Our founder, Dr. Ken Pool wrote this blog a few years ago. His ideas on health data security offer a unique angle and inspire us to innovate and improve health IT security.
You may or may not trust a man who doesn’t trust his own pants but never trust just one copy of healthcare data. This idea seems almost nonsensical or at least obvious to the most casual of observers but here it goes...
One of the lesser quoted benefits of electronic health records, is that they can be copied (not in the illegal way). So the days of a patient’s record lost in the trunk of the doctor’s car (admit it guys, you have been guilty of this at some point) can now be banished to the scary stories of our healthcare childhood. And since they can, they should. The prime directive in data management is that any important data should be duplicated. In the old days we did this by making backup tapes each night and methodically storing them in a safe place (in my trunk always seemed like a good option to me). The problem was if the original was ever destroyed (like that Sunday morning when the oil depot next to the data center blew up in Hemel Hempstead, England), then it might take a while to find the copy, find out if it was the latest and if it really worked (fortunately that copy was in a cave in Wales).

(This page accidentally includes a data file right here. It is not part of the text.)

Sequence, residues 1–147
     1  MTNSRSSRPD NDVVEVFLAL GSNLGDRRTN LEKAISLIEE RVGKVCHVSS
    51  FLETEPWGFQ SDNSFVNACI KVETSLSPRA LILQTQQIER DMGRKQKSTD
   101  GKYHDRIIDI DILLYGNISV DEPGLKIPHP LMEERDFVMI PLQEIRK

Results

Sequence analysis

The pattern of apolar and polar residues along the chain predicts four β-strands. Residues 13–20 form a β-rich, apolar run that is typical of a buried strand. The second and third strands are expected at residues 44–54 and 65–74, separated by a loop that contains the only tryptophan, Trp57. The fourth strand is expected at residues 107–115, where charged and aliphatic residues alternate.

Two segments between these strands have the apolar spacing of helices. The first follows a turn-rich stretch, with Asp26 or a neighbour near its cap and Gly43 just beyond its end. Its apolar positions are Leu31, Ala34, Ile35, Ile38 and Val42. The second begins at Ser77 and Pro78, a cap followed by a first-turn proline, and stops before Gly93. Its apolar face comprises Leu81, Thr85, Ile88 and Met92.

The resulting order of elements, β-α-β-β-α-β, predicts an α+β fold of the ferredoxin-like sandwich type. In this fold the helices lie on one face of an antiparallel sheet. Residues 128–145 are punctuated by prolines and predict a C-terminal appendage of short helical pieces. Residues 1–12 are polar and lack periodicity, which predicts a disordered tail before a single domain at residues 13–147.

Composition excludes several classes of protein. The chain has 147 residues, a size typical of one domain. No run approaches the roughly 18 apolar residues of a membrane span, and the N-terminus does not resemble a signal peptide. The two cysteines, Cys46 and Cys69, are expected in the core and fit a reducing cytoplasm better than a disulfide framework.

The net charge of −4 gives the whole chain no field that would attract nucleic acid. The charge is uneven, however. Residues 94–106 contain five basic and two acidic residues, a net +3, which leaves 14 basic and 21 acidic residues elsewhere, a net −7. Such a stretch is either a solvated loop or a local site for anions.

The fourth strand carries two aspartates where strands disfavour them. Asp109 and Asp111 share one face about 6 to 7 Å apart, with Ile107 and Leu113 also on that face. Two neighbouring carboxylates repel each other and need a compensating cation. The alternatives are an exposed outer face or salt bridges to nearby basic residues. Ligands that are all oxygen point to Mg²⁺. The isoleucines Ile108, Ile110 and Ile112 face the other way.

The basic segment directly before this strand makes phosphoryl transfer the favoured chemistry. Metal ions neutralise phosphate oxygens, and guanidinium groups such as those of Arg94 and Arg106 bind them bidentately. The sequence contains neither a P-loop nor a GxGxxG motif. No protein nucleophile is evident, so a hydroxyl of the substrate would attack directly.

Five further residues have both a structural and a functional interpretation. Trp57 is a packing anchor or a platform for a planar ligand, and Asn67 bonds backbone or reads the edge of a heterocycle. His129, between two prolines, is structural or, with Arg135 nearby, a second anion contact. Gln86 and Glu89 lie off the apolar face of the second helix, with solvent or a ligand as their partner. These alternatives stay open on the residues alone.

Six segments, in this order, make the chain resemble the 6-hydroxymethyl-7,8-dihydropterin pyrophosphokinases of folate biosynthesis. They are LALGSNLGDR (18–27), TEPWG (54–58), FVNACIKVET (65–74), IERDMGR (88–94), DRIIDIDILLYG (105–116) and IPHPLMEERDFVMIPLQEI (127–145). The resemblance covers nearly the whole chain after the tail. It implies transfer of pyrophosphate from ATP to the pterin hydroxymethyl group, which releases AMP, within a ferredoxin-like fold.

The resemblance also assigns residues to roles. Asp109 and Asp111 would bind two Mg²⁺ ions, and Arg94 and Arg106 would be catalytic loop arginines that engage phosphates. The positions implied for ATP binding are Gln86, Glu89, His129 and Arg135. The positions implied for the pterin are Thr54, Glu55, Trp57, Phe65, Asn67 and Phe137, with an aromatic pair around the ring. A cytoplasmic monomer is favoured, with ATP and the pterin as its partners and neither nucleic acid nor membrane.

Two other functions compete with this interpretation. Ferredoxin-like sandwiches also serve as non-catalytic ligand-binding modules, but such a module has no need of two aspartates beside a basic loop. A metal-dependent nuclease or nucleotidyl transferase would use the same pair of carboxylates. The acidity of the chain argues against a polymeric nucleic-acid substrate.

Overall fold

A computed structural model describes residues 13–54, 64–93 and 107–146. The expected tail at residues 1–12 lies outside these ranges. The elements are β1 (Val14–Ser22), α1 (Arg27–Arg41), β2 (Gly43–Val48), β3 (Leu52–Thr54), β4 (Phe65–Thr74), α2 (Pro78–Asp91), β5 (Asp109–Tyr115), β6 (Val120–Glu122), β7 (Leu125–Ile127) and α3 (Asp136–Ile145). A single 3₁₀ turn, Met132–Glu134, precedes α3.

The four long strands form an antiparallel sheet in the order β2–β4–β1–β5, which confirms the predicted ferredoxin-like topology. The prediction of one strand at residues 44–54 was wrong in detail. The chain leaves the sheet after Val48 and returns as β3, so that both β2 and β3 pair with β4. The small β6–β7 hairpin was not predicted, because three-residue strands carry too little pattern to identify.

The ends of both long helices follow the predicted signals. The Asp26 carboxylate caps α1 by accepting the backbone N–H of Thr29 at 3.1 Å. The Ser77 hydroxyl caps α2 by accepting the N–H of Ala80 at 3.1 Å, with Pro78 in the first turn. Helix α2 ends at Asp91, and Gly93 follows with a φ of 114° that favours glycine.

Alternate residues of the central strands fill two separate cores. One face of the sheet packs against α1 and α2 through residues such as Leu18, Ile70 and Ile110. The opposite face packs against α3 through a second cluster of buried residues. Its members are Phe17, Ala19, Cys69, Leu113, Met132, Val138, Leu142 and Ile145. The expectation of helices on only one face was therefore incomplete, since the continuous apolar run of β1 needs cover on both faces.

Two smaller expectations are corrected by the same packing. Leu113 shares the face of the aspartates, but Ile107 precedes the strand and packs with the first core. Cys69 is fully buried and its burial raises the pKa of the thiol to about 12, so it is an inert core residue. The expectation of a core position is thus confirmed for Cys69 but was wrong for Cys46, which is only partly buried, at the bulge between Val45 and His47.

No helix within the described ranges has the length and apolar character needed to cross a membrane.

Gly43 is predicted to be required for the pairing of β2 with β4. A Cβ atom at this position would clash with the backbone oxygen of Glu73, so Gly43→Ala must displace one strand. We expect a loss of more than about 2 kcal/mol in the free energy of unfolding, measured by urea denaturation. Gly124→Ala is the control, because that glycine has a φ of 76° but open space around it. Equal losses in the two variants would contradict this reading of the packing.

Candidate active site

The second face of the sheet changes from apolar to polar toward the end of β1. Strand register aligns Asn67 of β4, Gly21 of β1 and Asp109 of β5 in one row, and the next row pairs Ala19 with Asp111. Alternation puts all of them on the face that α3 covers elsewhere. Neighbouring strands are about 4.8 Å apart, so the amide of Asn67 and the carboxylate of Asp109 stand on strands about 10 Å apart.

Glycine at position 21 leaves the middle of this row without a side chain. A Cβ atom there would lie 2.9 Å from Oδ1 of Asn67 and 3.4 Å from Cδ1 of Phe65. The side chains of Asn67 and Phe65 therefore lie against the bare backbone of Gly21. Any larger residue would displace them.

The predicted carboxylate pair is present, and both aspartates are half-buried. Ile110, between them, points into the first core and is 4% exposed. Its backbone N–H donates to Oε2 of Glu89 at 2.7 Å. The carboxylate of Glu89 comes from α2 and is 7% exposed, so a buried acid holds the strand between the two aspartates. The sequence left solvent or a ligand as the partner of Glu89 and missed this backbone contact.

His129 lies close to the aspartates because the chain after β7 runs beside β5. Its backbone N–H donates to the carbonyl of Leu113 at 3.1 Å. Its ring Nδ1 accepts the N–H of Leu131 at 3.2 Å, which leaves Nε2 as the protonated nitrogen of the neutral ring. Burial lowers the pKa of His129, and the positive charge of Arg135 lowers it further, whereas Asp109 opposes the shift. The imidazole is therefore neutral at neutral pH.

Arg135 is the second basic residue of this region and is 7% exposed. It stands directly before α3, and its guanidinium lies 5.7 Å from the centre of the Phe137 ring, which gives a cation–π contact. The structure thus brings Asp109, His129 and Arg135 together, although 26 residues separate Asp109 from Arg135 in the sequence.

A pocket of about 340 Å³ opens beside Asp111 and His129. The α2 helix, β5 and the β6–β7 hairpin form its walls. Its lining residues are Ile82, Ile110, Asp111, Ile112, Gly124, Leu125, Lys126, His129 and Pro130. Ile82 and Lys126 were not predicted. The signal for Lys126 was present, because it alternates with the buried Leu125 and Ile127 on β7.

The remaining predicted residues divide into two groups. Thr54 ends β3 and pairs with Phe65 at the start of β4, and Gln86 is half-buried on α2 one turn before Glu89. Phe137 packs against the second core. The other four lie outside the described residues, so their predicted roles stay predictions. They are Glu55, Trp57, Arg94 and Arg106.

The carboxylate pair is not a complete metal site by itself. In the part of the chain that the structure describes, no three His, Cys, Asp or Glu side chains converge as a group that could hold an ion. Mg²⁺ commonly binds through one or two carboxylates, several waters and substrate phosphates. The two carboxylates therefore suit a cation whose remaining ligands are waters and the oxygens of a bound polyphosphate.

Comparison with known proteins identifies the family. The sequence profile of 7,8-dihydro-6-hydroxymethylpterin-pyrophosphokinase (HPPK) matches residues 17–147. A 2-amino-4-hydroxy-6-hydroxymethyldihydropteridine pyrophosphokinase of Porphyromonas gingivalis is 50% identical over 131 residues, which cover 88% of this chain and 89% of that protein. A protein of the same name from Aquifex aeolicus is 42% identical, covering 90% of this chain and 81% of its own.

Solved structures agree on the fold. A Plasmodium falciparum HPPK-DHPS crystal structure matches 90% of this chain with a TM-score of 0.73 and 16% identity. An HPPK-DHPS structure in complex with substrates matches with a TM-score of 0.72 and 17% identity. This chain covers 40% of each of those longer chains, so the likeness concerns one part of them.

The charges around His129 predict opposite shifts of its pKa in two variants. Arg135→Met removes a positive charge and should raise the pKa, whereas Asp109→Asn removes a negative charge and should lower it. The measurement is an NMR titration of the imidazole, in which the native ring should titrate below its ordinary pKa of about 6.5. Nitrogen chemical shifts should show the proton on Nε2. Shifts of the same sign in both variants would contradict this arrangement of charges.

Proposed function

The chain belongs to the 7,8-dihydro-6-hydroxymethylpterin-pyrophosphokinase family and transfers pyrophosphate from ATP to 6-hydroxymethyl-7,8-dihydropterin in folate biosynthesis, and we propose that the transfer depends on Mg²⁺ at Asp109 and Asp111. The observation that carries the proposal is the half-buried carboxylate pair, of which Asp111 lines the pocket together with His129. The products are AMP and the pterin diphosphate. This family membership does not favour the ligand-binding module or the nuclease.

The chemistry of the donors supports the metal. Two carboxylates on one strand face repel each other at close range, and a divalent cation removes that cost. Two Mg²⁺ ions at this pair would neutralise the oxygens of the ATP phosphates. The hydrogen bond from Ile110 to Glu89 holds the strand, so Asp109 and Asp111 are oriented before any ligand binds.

The days of tape backups are behind us (no one actually still uses them, do they?) and we have raised the bar. In the old days, having a backup as of yesterday was sufficient. That meant we could lose up to one day’s data, which is fine if it isn’t your data. I mean how would you feel if the results of your colonoscopy were lost? Today, the maximum period of data loss can reasonably be down to a few minutes or seconds. So real-time replication to another location (preferably in another part of the power grid) should now be part of the performance expectations (or service level agreements).
That should give us a nice belt but do we still need suspenders? I am afraid it is so. The focus of any high availability plan is first to eliminate every single point of failure. To find the one thing that, if it failed, would render the data (even briefly) unavailable. We do this routinely with redundant switches, power supplies, RAID drives, and as we just discussed, data centers. So what single point of failure remains to be eliminated? The company. If the company providing the healthcare repository fails (in financial terms, it bites the dust) then those data may be lost. If we are to achieve high availability we must require redundancy in the company.
This will be awkward. Company A offers healthcare repository services, but as part of that service, we require it to provide redundancy; meaning find another (unrelated or they may die at the same time) company (read competitor) to keep a copy of any data it stores. We could ask someone else to take care of this (like the provider of course, since we always dump things we don’t want to deal with on them) but if we are serious about the value of these data then supplying redundancy should be the responsibility of the repository service.
Redundancy in company is the suspenders we need to complement our belt.